Most of us already know that the US has been shilling and spreading propaganda on the web for quite a long time now. For those who don't or pretend not to, show them this post.

by MMLMFAO
There are countless links that prove the US has been working for years to influence social media and the internet as a whole.
I hate posts or submissions that drop 20+ links because people tend to get overwhelmed by the information and not even click on them.
So here is a handful of links going all the way back to 2009. I have added a tidbit from the article after each one. It should also be interesting to see if the comment section devolves into an attack on the messenger instead of on the content. (Pay attention folks!)


Wired (2009) “Air Force Releases ‘Counter-Blog’ Marching Orders”:
the emerging technology division of the Air Force’s public affairs arm, airmen are given guidance on how to handle “trolls,” “ragers” — and even well-informed online writers, too. It’s all part of an Air Force push to “counter the people out there in the blogosphere who have negative opinions about the U.S. government and the Air Force,” Captain David Faggard says.


**The Guardian (2011): Revealed: US spy operation that manipulates social media.
Military’s ‘sock puppet’ software creates fake online identities to spread pro-American propaganda.


Who can forget that time in 2013 when a reddit blogger forgot to erase Englin Air Force from the reddit rankings and accidentally told the truth. They were #1 in the “Most Addicted Cities” category.


The Intercept (2014) “HOW COVERT AGENTS INFILTRATE THE INTERNET TO MANIPULATE, DECEIVE, AND DESTROY REPUTATIONS”
Today, we at the Intercept are publishing another new JTRIG document, in full, entitled “The Art of Deception: Training for Online Covert Operations.”


Wikipedia: Operation Earnest Voice
According to CENTCOM, the US-based Facebook and Twitter networks are not targeted by the program because US laws prohibit state agencies from spreading propaganda among US citizens as according to the Smith-Mundt Modernization Act of 2012.[6] However, according to the Smith-Mundt Modernization Act of 2012, dissemination of foreign propaganda to domestic audiences is expressly allowed over the internet including social media networks.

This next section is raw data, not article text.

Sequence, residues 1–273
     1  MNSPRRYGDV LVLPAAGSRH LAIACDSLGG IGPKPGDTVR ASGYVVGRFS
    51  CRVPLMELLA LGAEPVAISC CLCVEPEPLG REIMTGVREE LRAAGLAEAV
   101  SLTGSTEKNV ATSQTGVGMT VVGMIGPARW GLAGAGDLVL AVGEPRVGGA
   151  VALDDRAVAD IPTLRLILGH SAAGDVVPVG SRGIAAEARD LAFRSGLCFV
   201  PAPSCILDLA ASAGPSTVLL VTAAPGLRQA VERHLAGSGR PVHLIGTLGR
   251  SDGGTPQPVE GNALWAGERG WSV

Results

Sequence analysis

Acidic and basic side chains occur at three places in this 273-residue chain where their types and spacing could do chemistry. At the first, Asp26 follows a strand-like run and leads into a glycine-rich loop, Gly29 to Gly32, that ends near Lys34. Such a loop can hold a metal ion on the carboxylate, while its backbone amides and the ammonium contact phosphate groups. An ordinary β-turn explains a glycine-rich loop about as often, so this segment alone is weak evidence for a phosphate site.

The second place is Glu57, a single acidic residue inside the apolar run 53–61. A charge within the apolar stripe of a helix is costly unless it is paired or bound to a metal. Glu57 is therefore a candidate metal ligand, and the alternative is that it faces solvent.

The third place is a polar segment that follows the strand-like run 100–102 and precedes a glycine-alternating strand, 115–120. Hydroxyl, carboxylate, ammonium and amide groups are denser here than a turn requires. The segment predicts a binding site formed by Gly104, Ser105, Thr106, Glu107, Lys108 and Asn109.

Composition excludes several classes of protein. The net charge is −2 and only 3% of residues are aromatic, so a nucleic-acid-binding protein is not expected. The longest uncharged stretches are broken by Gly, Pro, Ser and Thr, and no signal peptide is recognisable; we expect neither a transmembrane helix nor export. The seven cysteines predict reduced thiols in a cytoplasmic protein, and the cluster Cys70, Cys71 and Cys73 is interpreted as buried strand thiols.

Source – Under Cass’s views titled: “Conspiracy Theories” and government infiltration
Cass Sunstein’s proposal to the Obama Administration in 2008:

Sunstein co-authored a 2008 paper with Adrian Vermeule, titled “Conspiracy Theories,” dealing with the risks and possible government responses to conspiracy theories resulting from “cascades” of faulty information within groups that may ultimately lead to violence. In this article they wrote, “The existence of both domestic and foreign conspiracy theories, we suggest, is no trivial matter, posing real risks to the government’s antiterrorism policies, whatever the latter may be.” They go on to propose that, “the best response consists in cognitive infiltration of extremist groups”,[35] where they suggest, among other tactics, “Government agents (and their allies) might enter chat rooms, online social networks, or even real-space groups and attempt to undermine percolating conspiracy theories by raising doubts about their factual premises, causal logic or implications for political action.“[35] They refer, several times, to groups that promote the view that the US Government was responsible or complicit in the September 11 attacks as “extremist groups.”
The authors declare that there are five hypothetical responses a government can take toward conspiracy theories: “We can readily imagine a series of possible responses. (1) Government might ban conspiracy theorizing. (2) Government might impose some kind of tax, financial or otherwise, on those who disseminate such theories. (3) Government might itself engage in counterspeech, marshaling arguments to discredit conspiracy theories. (4) Government might formally hire credible private parties to engage in counterspeech. (5) Government might engage in informal communication with such parties, encouraging them to help.” However, the authors advocate that each “instrument has a distinctive set of potential effects, or costs and benefits, and each will have a place under imaginable conditions. However, our main policy idea is that government should engage in cognitive infiltration of the groups that produce conspiracy theories, which involves a mix of (3), (4) and (5).”

 

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